For a taste of the Brooklyn literary scene, which books or writers would you recommend?

"I'd have to start with Lynne Sharon Schwartz's Leaving Brooklyn (1989). A beautifully written first-person, coming-of-age tale that revolves around a brilliantly complex metaphor for the way an individual looks at her neighborhood and her world.

Paula Fox's Desperate Characters, from 1970, is still the best gentrification satire. The language is astonishingly vivid, and Fox's depiction of gentrification as a kind of frontier struggle remains relevant and powerful.

Michael G. Stephens, a writer who should be read by more people, published The Brooklyn Book of the Dead in 1994, and it's one of the best books about warring families, nostalgia and that sense many of us have experienced of returning home and finding that 'home' has moved on and left us staring bemusedly at shop fronts with different signs from the ones we remember.

Jonathan Lethem's Motherless Brooklyn and The Fortress of Solitude are terrific. Although he doesn't always write about Brooklyn, Lethem is one of the most important Brooklyn writers. He's able to combine genres in such a way that the reader is forced to question the structure of reality over and over again, and in his Brooklyn fictions he shows how the neighborhood of childhood becomes a paradoxical fantasy of authenticity, a seductive romance.

Finally, Vaclav and Lena by Haley Tanner (2011) - a beautiful love story about Russian immigrants with fairy-tale qualities, but which doesn't shy away from the challenges and harshness of immigrant experience."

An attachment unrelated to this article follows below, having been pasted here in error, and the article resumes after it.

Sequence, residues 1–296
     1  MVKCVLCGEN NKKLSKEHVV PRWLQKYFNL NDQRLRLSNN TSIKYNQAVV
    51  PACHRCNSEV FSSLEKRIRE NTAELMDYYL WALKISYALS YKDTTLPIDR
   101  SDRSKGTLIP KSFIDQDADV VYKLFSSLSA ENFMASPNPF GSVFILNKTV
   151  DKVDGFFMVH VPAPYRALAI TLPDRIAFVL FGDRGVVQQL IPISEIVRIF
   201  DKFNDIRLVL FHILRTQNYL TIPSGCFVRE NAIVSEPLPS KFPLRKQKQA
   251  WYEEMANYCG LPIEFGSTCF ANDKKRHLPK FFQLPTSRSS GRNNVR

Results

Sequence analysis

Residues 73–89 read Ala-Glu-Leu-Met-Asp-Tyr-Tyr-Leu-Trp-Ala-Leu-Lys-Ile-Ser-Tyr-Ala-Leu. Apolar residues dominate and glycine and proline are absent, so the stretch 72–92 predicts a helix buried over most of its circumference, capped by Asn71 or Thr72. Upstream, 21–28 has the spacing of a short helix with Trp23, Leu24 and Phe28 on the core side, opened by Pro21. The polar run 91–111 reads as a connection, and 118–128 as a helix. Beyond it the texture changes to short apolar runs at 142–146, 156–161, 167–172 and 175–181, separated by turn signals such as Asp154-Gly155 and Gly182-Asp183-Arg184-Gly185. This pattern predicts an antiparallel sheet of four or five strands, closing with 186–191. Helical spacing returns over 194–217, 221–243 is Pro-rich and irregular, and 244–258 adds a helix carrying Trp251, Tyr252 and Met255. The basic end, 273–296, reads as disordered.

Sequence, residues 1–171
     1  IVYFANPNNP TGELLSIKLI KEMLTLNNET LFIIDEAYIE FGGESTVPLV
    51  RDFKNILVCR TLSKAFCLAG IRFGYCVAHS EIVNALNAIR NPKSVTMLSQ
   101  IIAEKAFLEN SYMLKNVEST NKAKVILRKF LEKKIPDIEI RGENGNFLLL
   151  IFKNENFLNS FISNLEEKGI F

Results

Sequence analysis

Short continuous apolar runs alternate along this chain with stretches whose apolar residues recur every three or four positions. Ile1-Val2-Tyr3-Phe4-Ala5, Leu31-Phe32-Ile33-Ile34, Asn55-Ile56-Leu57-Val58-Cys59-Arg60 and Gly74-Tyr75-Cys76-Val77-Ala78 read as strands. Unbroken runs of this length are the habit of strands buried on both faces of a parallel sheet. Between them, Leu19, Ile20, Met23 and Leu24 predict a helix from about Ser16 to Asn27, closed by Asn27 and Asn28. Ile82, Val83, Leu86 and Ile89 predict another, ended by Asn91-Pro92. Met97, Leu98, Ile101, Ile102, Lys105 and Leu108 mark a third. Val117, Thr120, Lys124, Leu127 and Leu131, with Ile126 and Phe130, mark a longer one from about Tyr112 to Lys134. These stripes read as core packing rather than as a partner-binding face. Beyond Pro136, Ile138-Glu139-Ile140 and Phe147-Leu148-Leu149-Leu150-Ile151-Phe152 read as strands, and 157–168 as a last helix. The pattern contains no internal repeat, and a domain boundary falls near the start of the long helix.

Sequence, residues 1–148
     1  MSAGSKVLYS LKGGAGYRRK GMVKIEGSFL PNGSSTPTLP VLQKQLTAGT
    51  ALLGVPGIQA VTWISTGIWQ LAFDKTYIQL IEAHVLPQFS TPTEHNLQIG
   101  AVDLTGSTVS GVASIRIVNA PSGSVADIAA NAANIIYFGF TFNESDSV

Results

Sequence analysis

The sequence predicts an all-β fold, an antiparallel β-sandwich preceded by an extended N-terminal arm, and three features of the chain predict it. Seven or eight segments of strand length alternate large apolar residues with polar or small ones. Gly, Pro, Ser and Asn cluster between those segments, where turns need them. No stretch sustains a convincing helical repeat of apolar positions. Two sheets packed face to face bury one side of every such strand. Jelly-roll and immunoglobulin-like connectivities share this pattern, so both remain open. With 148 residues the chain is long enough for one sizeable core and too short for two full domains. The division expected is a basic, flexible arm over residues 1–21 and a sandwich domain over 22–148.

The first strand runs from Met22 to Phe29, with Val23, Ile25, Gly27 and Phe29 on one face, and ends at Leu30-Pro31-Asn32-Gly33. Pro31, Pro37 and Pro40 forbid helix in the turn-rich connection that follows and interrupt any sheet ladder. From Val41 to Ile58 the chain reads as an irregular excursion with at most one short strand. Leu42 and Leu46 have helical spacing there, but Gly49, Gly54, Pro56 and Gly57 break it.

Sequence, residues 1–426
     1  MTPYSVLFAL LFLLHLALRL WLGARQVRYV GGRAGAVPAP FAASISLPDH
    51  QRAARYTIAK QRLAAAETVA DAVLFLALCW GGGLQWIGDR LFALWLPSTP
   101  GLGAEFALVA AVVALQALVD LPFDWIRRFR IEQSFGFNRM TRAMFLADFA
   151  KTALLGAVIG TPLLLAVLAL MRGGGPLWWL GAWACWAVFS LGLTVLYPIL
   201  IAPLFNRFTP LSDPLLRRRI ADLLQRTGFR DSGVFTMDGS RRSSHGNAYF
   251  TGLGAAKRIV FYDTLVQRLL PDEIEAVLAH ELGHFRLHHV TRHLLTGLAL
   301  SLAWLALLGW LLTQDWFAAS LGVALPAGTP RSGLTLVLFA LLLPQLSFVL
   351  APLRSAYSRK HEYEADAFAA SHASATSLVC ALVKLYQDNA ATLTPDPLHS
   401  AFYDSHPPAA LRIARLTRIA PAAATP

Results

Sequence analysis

What are your favorite Brooklyn haunts?

"The Brooklyn Bridge is an obvious answer, but there really is no more enlivening sight than Manhattan Island as seen from the middle of the bridge, Rhapsody in Blue playing in one's head.

Brooklyn Bridge Park: one of my happiest memories is of a gloriously sunny day, discovering the park for the first time, my daughters playing the piano next to the water.

Von King Park in Bed-Stuy is also a favorite - full of life, surrounded by gorgeous brownstones.

Most of all, I like to walk, walk and keep on walking, seeing the neighborhoods change, keeping myself open to surprises."

Why did you write Brooklyn Fictions?

"My PhD thesis and first book were on Paul Auster who has written extensively about Brooklyn, and has even been dubbed 'the Bard of Brooklyn' by some critics. My second monograph was on Jonathan Lethem, whose novels such as The Fortress of Solitude share some of the romance of Auster's work while also being attentive to the realities of gentrification, inequality and race relations. In Edinburgh, I lived in Leith, the old port area. Like Brooklyn, it was historically separate from Edinburgh and retains a fierce independent streak and a unique character defined in part in opposition to the posher city up the road.

I visited Brooklyn for the first time in 2005. I have been in love with it ever since."